Problem solving has a special place in the schedule for a group of fourth graders who look forward to Word Problem Wednesdays.
Kling explained KQL to the students in three steps. First students should look for known information – K. They write what they know from the problem as stated. Then they find the question, or the hidden question – the Q. The L is for what the information looks like, such as graphs or tables.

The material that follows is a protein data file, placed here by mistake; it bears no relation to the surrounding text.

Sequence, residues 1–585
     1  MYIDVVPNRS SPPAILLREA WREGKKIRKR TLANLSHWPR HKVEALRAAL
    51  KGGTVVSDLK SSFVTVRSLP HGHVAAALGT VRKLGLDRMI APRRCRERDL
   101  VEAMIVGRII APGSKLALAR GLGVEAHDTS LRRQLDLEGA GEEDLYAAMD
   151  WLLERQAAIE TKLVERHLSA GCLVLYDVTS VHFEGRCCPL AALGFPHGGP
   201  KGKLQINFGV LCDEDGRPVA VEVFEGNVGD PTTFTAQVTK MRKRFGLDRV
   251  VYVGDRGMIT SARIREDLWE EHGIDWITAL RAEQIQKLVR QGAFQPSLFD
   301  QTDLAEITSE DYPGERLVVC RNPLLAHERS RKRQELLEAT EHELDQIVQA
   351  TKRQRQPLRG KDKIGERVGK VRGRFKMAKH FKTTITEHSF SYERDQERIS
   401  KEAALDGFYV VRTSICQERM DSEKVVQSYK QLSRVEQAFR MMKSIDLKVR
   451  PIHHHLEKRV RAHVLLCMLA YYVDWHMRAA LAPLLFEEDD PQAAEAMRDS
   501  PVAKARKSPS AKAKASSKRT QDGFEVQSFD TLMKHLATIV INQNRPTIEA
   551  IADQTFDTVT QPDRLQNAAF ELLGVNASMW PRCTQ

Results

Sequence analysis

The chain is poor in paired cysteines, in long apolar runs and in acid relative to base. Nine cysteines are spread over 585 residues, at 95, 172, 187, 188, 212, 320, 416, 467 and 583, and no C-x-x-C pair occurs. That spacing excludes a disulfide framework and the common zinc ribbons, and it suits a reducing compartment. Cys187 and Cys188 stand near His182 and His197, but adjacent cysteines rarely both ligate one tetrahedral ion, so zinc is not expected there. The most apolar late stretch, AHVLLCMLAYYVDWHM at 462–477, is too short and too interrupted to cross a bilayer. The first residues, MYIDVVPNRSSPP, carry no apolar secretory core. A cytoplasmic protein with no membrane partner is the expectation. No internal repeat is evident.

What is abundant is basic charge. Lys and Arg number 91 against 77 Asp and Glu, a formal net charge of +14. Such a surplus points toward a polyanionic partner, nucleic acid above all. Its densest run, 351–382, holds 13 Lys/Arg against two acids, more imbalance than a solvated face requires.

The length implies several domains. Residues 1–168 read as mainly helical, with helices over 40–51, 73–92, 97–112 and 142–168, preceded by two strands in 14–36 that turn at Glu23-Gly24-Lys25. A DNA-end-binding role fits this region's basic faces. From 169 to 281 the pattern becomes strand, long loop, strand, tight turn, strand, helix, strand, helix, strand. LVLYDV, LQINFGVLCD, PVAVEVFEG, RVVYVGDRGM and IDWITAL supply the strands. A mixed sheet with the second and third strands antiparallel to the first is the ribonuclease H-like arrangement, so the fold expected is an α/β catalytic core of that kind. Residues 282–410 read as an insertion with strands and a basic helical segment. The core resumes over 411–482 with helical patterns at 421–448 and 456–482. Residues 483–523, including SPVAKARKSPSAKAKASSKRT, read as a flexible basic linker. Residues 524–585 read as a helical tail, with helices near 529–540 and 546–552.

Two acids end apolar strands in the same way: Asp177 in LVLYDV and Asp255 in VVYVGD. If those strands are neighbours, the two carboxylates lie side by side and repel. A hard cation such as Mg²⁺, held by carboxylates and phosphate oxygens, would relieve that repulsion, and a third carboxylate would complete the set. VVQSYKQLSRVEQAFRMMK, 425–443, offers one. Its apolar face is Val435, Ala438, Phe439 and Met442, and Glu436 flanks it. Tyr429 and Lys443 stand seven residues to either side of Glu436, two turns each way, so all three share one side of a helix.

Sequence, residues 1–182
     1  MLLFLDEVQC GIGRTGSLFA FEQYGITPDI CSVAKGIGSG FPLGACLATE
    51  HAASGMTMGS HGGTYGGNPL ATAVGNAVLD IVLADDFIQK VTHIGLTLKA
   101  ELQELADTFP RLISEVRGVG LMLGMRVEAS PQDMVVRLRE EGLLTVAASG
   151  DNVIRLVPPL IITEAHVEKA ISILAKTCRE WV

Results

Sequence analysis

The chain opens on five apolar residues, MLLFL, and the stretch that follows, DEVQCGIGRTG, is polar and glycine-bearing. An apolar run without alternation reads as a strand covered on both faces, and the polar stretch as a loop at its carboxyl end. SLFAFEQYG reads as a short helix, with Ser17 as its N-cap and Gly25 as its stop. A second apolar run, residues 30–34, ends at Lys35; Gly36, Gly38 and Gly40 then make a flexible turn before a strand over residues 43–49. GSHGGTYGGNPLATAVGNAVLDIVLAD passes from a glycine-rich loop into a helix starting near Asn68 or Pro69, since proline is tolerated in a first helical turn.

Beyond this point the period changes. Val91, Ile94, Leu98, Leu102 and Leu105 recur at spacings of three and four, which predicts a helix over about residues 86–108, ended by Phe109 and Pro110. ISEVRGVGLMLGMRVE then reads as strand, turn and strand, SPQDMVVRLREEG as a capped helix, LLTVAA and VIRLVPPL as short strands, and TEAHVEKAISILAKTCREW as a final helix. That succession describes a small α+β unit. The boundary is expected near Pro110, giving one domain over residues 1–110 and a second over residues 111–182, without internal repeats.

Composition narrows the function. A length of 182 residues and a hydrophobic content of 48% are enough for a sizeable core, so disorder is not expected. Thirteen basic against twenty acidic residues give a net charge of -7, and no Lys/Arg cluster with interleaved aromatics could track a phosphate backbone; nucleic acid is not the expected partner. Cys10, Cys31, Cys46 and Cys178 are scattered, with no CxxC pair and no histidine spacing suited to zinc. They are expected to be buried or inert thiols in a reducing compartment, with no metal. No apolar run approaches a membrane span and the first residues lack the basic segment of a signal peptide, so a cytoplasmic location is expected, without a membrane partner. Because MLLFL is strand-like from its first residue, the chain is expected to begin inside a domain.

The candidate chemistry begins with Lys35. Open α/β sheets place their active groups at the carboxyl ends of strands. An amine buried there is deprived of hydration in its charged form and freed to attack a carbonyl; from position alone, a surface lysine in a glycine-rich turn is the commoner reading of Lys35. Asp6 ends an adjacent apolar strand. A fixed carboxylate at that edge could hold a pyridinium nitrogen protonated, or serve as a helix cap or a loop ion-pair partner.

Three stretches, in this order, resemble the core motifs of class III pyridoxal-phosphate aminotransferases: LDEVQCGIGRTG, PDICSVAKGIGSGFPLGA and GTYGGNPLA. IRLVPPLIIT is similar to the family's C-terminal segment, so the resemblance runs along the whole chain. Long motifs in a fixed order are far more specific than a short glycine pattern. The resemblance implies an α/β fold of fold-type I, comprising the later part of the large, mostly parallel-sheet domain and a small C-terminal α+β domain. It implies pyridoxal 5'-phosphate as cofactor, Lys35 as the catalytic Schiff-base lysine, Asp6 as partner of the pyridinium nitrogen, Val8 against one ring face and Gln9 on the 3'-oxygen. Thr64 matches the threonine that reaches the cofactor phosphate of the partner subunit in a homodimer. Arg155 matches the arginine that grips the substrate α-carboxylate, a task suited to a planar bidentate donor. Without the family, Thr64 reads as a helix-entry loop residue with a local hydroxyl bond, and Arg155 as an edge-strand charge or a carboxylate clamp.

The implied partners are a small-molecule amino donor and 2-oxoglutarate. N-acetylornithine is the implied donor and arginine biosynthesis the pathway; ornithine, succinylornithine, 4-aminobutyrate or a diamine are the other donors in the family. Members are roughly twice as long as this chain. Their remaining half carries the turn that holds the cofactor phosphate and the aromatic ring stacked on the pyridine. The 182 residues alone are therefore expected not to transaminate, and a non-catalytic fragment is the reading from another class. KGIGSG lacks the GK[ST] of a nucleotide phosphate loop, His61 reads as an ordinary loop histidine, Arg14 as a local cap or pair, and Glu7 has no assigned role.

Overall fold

Students form teams to figure out the KQLs until Kling directs them to come together as a group. Then the teams visit other tables, evaluating each other’s work.
The students use the Student Work Analysis Rubic, ranking work looking for identification of KQL. They check calculations, use of math vocabulary, and use of labels.
Kling finds the math vocabulary is valuable for her to determine if they understand the concepts. “The conversations they have are really amazing,” she said, “the math vocabulary they’re using. It’s nice for me, because I can kind of eavesdrop.”